Why Eradicating Female Genital Mutilation in the U.S. Must Be a Bipartisan Effort

 Representative Chang with the bipartisan group that worked to pass Michigan’s anti-FGM legislation.

The AHA Foundation is unfortunately witnessing a trend where female genital mutilation (FGM) legislation is being stalled from passage because the topic is becoming increasingly partisan. When faced with this issue and discussing how to address it, legislators from the two parties become bogged down with arguments that take the conversation away from the real need – protecting girls at risk.  This slows down the process of enacting legislation that can save thousands of girls in the U.S. who are at risk of having their genitals cut.

At the AHA Foundation, we believe that FGM is an urgent human rights issue. Time is of the essence. To eradicate this dangerous practice in the U.S., we must approach it in a bipartisan way. We spoke with Representative Stephanie Chang (D-MI) to hear about how her state of Michigan swiftly passed the most comprehensive FGM legislation in the country, through an entirely bipartisan effort.

AHA Foundation: When Michigan put forward their FGM legislation, it was a strong bipartisan effort. Why was this important?

“Ultimately the bipartisan nature of the bills helped ensure that the bills pass nearly unanimously.”

Representative Chang: I am proud of our bipartisan effort to develop and pass female genital mutilation legislation in Michigan. It was absolutely important to have a bipartisan effort. I worked in partnership with Rep. Michele Hoitenga, Democratic policy staff, and Republican policy staff in a collaborative way to pass these bills and ultimately the bipartisan nature of the bills helped ensure that the bills pass nearly unanimously.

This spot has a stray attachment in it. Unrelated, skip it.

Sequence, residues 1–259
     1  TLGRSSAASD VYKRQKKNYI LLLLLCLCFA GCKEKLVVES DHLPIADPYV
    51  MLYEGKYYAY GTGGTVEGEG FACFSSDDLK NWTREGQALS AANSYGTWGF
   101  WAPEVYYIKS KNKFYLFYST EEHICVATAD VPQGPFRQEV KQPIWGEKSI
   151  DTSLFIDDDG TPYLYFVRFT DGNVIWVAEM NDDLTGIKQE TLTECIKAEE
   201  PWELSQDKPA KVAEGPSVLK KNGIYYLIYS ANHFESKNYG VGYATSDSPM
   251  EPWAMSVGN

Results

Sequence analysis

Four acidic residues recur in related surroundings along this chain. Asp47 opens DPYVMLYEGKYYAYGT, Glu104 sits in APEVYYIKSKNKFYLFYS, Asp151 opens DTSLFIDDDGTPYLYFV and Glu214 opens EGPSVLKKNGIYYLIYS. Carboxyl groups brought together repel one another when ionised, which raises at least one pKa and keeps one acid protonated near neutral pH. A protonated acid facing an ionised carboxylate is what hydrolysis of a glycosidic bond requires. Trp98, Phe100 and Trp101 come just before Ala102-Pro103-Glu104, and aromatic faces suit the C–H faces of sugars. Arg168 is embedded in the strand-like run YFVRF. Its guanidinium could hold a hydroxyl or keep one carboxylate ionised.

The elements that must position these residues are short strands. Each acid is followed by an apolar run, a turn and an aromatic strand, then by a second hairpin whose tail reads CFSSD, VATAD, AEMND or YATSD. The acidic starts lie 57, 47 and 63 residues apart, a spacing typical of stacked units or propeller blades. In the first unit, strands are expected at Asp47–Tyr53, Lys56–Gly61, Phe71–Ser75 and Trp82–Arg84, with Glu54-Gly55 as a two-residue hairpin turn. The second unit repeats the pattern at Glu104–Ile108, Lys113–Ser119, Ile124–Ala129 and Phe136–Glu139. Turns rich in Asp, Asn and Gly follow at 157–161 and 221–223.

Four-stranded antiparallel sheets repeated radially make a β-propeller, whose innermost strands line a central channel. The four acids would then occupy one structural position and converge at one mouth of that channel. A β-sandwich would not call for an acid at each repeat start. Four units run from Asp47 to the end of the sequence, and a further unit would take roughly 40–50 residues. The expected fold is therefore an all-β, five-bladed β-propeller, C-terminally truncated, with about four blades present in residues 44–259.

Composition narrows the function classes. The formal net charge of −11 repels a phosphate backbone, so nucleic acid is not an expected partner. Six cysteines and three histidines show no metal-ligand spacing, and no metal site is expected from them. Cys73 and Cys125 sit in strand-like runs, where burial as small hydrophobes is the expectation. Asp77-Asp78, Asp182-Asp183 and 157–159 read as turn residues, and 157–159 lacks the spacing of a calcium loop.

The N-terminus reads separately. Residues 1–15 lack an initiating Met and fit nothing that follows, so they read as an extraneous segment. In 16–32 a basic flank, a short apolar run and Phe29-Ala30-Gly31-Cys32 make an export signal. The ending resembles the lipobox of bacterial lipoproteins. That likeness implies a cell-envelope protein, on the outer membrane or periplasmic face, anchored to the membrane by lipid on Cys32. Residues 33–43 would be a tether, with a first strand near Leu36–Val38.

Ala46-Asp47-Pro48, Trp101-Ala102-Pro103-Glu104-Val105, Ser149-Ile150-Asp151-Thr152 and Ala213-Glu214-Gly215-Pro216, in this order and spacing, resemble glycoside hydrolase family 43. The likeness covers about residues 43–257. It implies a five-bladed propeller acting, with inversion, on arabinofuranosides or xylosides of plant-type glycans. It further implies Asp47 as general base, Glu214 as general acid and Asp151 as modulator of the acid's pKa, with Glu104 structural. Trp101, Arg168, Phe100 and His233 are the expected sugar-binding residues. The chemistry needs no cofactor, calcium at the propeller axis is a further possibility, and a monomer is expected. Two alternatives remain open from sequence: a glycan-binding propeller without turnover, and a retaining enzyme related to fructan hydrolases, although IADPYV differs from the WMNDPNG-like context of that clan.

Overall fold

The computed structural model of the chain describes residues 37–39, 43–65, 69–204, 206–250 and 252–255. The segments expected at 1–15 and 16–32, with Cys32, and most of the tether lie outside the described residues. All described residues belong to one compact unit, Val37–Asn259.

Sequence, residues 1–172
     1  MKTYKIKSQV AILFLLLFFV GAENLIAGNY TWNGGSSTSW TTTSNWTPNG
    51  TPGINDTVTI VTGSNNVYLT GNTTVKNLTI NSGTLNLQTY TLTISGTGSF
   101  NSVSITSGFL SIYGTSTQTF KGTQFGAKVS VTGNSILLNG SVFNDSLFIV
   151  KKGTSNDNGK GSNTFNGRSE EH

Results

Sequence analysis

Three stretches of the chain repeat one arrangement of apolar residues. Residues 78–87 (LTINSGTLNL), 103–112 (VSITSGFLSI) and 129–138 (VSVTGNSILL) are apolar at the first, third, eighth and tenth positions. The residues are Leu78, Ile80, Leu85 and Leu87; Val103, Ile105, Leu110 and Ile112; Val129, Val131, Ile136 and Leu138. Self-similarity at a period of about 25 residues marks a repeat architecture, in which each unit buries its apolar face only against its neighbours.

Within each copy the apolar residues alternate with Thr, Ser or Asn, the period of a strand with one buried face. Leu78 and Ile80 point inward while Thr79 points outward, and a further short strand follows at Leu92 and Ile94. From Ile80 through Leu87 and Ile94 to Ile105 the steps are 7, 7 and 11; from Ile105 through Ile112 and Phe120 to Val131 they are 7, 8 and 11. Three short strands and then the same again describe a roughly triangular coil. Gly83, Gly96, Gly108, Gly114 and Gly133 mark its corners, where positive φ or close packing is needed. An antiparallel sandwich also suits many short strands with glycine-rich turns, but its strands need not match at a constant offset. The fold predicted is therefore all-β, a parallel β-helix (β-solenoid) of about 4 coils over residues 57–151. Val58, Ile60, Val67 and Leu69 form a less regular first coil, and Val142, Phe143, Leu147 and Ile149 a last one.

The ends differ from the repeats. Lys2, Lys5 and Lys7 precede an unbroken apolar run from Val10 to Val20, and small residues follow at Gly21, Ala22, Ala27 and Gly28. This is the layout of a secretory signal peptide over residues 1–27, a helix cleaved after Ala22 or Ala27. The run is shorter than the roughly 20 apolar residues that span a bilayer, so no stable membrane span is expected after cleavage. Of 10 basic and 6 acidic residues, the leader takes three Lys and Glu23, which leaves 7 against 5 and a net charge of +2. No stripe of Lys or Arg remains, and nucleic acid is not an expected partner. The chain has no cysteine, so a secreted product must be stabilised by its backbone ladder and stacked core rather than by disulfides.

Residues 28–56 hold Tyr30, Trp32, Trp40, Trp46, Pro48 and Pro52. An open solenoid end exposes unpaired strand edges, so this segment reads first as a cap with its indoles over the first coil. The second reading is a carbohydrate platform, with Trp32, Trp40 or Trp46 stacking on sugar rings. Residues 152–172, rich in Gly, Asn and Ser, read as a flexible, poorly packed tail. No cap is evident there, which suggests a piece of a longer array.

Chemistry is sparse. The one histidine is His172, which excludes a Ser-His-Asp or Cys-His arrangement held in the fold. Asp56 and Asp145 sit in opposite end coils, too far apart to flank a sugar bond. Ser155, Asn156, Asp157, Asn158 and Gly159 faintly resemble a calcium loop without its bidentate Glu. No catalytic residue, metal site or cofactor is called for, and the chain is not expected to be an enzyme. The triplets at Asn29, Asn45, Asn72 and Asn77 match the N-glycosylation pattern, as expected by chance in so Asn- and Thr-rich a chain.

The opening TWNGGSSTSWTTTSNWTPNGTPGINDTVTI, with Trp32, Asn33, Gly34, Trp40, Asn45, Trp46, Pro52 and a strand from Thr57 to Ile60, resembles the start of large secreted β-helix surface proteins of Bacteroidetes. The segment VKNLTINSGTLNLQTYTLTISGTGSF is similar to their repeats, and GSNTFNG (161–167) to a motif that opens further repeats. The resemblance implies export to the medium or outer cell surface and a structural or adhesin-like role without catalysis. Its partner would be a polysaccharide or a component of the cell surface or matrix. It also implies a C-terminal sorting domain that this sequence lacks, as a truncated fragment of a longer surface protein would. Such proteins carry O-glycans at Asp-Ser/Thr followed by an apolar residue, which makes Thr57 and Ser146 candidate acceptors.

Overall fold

AHA Foundation: How did you achieve bipartisan support? What made the legislation bipartisan?

Representative Chang: The legislation was bipartisan because representatives on both sides of the aisle were shocked by the fact that female genital mutilation was taking place in Michigan. As we learned more about what happened, we all understood how important it was to address this human rights issue immediately. We achieved bipartisan support for the bills through numerous conversations to ensure that we carefully vetted all the details of the bills and through talking to fellow legislators about the issue.

“Representatives on both sides of the aisle were shocked by the fact that female genital mutilation was taking place in Michigan.”